Assuming this is the truth (and while the woman won't flat-out lie, she will stretch the truth to her liking, though now that I"m thinking about it, there were at least two occassions where I was not present at all and the stepson's dog and my dog got into fights), that means I am part of Whisper's dog aggression problems. I don't know what I'm doing wrong, or if Whisper is resource guarding, or if she is trying to protect me. At this point, Whisper is an only dog, and will remain that way for the rest of her life. I have banned all other dogs from the house. She sees other dogs only at the vet's office, neutral territory, and she never offers to fight there, only shrill yapping barks if she sees another dog, which I can live with (I hustle her out to the car and then come back in to pay the bill), which is the only time she barks in that particular voice.

 

I sincerley hope that the OP can work on his dog's issues. Love and patience (and sometimes a behaviorist-sometimes someone completely new to the situation can see something everyone else has overlooked) will see many a dog through their issues.

 

 

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I do think that every now and then there are situations where dogs just aren't going to get along.

 

I ran into that with my little dog, Kaiser (intact male Alaskan Klee Kai) and a foster BC I had for a couple of months.

 

The BC came to me completely unsocialized and scared of other dogs. Oddly enough, Kaiser was the first dog that he was okay with and they started out doing well together. The issues started when the foster started to play with my BC, Secret, and Kaiser didn't like this. He started to attempt to break up their play sessions by jumping on top of Max (Max was twice his size...). I put an end to that by not allowing Kaiser to be outside when the two BC were playing, but the controlling behaviors started to escalate inside the house.

 

Max wasn't a confident dog to begin with and Kaiser's repeated posturing/attacks just kept dragging him down. Understandably, after a couple of months of this he started to fight back -- But he also became so anxious about the situation that he started to pee everywhere. It wasn't healthy for anyone in the house, so Max got moved on to a more stable home.

 

It wasn't Max's fault. He & Kaiser just weren't able to get along -- Kaiser is a dog who gets along with 95% of the dogs he meets -- And I would venture that 95% of the time he & Max were fine together. They would be fine just long enough to lull me into a sense of security and then something would trip another fight. They weren't bad fights -- Mostly a lot of noise & posturing, but I really didn't need to take a chance of them getting to the point where blood was drawn.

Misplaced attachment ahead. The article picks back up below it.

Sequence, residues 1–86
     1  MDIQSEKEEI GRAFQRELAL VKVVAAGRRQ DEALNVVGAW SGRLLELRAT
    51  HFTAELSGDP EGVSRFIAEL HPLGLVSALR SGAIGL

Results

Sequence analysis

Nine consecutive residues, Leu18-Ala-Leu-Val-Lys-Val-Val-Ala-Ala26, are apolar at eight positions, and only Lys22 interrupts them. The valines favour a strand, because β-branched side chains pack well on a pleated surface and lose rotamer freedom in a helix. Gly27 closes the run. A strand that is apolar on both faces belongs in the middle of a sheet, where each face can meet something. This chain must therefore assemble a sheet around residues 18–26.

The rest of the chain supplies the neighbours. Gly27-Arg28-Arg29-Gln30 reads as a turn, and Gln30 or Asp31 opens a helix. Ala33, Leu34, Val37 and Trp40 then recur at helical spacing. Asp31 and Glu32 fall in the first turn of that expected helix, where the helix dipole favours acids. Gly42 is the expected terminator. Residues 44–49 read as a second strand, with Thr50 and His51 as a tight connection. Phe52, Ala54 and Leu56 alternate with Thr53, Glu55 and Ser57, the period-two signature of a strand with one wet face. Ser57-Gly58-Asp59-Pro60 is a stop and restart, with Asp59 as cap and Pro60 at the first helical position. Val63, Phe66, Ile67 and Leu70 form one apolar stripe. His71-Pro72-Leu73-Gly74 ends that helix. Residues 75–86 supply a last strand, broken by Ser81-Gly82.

With a dog like Kaiser, and perhaps with your terrier, it may be that I am better off bringing females into the house. He & Secret do well together because she is a bitch and doesn't take anything from him. :lol: But I have had other males in the house that he is fine with -- Kaiser senses insecurities and tends to take full advantage of the situation in those cases.

 

This isn't to say the situation isn't manageable. But in my house we co-exist as a pack. I really don't want to have to keep dogs separated as a personal choice.

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I see on your post that they DO play at times, so IMHO, it is not an all out "I gotta kill this BC" on the WHT part. I have a pure bred, bought as a pup from a working breeder. Skip has a "napoleon" complex. Jackson is a big BC, but he will go to extraordinary lengths to avoid confrontation. Skip used this since puppy-hood. I made the mistake of thinking Jackson was just giving him license to be a pup. I did stop his harassing of Jackson, but the "pact" between them was established. If Skip wants something, Jackson must cede to him. Skip has also, last year or so, started lashing out, unwarranted towards other dogs in the house. Mostly, it is geared towards Holly. Poor girl is in her own world and seldom notices its coming. Hank and Jackson have learned to avoid him when he is in that mode. What I have done is when Skip so much as raises a lip, he goes to doggy jail, which is my bedroom with the door closed. He is left there in isolation, while I make a point of engaging in games with the others that he can hear. It may sound extra cruel, but when he is allowed out, he behaves for a month or more. I don't know if that would work for yours, but I know Skip would rather have any thing done to him than to be isolated. When he is allowed out, he will go out of his way to show me how agreeable he has miraculously become.

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thanks to all of you who replied- even the person who made me mad- you DID make me evaluate, and that is always good. Advice from those of you who have had the problem also helps! Anyway, we are looking at things we can change and also are thinking about behavior-ours. So thanks.

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[

It has been recmommended by some to use a "startle" and re-set behavioral training model- but others have warned me that the BC is too sensitive for this technique.

 

Thanks very much

 

Yes, Border Collies are very sensitive, especially one that has been abused and would not respond well to this at all. The BC needs assurance that he is good hands, that you are in charge of his well being so that his trust in you can continue to grow.